adamgifford
Sunday, April 24, 2011
  US giant shows the Lovey with buy out
NZ Herald March 9

People often don't realise that very large software companies are not that quick at developing things.

The sale of EMS-Cortex to United States software giant Citrix shows Mark Loveys has become one of New Zealand's most successful serial IT entrepreneurs.

Of course there's more to it than the softly spoken chief executive. There's the management and governance team that has grown around him, and the developers who have cracked problems some of the world's largest software firms still struggle with.

Those 20 developers will stay with the product, forming the core of a new Citrix New Zealand research and development centre.

Loveys and the parent company Enprise will move on. Or rather foster parent. The EMS assets came to Enprise five years ago, as part of a $2 million funding package from TMT Ventures and the Government's New Zealand Venture Investment Fund.

EMS had started out promisingly enough, making a tool to add new users and applications to computer networks. Its foundation customer was the dot.com era e-solutions joint venture between Telecom, Microsoft and EDS, but the company's attempt to expand overseas almost killed it.

"It was a business before its time. The cloud-computing model was in its infancy, and by the time the company came to us there was just the development team left," Loveys says.

The team was left servicing existing customers while Enprise got on with its main business, selling exo-net accounting software to mid-sized Kiwi customers as a complete ERP (enterprise resource planning) system.

A short history lesson.

Back in the 1980s, when Loveys wasn't writing songs for his band Satellite Spies he wrote business software under the name Orbit Computers. One of his customers, PC Direct, was so impressed it bought Orbit and took Loveys on as information systems manager.

When PC Direct was sold to Gateway, the accounting software found new life as exo-net - which after a complicated saga involving greed and hubris and companies like IT Capital and Solution Six, ended up in the hands of MYOB.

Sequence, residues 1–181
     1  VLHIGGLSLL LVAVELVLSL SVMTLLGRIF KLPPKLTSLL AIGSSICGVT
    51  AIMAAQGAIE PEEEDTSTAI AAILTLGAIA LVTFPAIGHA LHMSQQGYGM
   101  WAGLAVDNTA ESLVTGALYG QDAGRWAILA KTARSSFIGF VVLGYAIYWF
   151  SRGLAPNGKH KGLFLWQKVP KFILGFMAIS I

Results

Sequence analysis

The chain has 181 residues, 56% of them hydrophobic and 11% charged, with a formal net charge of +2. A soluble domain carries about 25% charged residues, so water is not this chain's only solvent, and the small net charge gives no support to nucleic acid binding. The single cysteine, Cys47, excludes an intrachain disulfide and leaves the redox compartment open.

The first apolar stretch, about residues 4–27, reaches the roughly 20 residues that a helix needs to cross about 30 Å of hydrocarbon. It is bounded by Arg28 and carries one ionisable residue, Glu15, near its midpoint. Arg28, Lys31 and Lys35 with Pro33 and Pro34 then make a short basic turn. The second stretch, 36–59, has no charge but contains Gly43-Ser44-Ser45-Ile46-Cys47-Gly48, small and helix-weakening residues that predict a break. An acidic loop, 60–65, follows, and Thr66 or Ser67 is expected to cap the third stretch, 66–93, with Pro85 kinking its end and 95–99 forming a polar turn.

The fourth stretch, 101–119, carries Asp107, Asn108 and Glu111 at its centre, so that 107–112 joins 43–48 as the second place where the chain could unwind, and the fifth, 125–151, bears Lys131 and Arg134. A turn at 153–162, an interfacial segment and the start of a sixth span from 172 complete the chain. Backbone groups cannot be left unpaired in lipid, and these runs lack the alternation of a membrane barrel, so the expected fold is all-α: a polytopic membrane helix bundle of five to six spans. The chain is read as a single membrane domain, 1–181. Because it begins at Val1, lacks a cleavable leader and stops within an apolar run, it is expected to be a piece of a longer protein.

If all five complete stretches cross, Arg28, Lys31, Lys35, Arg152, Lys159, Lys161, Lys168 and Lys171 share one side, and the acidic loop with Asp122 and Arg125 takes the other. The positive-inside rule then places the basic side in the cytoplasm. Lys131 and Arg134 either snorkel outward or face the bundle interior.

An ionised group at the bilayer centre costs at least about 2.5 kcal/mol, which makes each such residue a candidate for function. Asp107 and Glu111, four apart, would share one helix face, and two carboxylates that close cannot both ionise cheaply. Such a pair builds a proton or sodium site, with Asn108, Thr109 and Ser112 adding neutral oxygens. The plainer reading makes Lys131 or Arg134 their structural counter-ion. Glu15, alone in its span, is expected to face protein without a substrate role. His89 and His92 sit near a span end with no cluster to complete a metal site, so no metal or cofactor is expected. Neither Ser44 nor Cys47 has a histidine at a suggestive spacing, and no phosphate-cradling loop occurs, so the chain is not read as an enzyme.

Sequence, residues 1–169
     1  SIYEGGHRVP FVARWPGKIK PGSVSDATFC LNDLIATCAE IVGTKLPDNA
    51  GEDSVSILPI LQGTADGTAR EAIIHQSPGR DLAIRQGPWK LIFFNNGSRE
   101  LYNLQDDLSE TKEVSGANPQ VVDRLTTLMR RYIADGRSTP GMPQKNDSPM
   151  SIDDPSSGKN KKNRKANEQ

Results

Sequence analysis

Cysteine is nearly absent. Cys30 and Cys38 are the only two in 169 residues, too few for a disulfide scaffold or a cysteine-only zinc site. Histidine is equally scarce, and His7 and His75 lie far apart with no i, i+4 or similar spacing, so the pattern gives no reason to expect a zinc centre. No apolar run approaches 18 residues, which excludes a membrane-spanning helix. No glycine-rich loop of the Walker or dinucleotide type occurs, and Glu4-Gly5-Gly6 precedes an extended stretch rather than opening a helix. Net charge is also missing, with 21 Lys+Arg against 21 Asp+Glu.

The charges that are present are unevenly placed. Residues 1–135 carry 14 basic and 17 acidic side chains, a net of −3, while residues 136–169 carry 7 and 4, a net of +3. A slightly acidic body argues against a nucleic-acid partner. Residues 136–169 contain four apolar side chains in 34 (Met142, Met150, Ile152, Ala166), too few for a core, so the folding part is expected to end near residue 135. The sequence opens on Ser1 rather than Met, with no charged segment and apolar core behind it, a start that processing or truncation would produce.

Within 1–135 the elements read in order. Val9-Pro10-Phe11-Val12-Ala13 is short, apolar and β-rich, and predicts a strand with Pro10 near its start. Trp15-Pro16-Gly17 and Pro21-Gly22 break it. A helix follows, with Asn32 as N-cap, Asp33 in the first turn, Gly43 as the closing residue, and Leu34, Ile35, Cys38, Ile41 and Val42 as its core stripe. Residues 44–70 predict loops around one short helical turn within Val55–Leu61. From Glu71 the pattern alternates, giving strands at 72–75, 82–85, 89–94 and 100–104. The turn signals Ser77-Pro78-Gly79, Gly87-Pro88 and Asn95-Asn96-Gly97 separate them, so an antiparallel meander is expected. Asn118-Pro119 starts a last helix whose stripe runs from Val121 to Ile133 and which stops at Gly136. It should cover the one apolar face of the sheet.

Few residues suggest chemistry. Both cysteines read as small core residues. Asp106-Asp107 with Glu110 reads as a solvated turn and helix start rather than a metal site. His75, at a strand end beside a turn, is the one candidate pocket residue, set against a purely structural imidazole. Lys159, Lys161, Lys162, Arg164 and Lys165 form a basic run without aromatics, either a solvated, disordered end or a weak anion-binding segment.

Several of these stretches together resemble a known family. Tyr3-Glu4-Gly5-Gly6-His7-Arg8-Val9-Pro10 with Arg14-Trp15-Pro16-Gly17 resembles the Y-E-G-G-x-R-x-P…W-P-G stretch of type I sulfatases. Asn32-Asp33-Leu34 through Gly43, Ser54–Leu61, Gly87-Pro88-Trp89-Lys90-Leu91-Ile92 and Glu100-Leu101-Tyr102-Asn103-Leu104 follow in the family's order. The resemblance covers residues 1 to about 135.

As well as selling exo-net on steroids, Enprise also had a brief spell selling SAP's Business One package to small and medium businesses who wanted a foreign brand on their accounting software.

That brought him into the orbit of one of the world's largest business software companies - and its worldwide reseller network.

Spotting that many customers bought exo-net because of Enprise's job-costing module, Loveys wrote a similar module for SAP.

After a couple of years Enprise judged New Zealand didn't need four Business One resellers and sold its agency to Eagle Technology, keeping the software-development business.

The job-costing module isn't a big-ticket item - just under $1000 a seat - but lots of firms use Business One.

Loveys and his team used their venture funding to build the relationships the business needed to grow, spending a lot on airfares.

He was elected to the SAP Business One customer advisory council, which he now chairs.

As more implementations of both Business One and Enprise systems became hosted rather than installed on customer premises, the EMS-Cortex product came into its own.

Citrix came into the picture when Loveys was working on a proposal by Canadian telco Telus proposal to expand its hosted services business.

"Citrix wanted to analyse what we added to the mix with our control panel, so they took it into their labs in Florida and their engineers got all over the product and really liked it."

The price is confidential, but an industry analyst who has tracked Enprise reckons $18 million.

And lessons for other Kiwi firms?

Listen to the customer. "With Orbit, I used to customise by doing the job on the customer's site. ... It helps me relate to how much upset you can give a customer if you get it wrong. So get it right first time."

The name of a product is important. "For a long time we called Cortex a provisioning product, which is the correct term, but as soon as we started calling it a 'cloud-control panel', it gelled with the surge of investment going into cloud computing."

Kiwi companies should stop trying to do everything. "We can play well in niches. People often don't realise that very large software companies are not that quick at developing things."

Surround yourself with good people. "EMS-Cortex has a lot of talented people who made this happen. My job as CEO is to talk about it and represent the company, but I could not do that without passionate and hard-working people."

Know when to sell.

Ant Howard, the chair of Enprise's board and head of technology investment and advisory firm Howard and Company, says New Zealand capital only goes so far. "Cloud technology is taking off, but we don't have the distributions channels in place for New Zealand-built software nor the capital to create them.

"The lifecycle for New Zealand technology is to create market credibility, then find a home for it."
 
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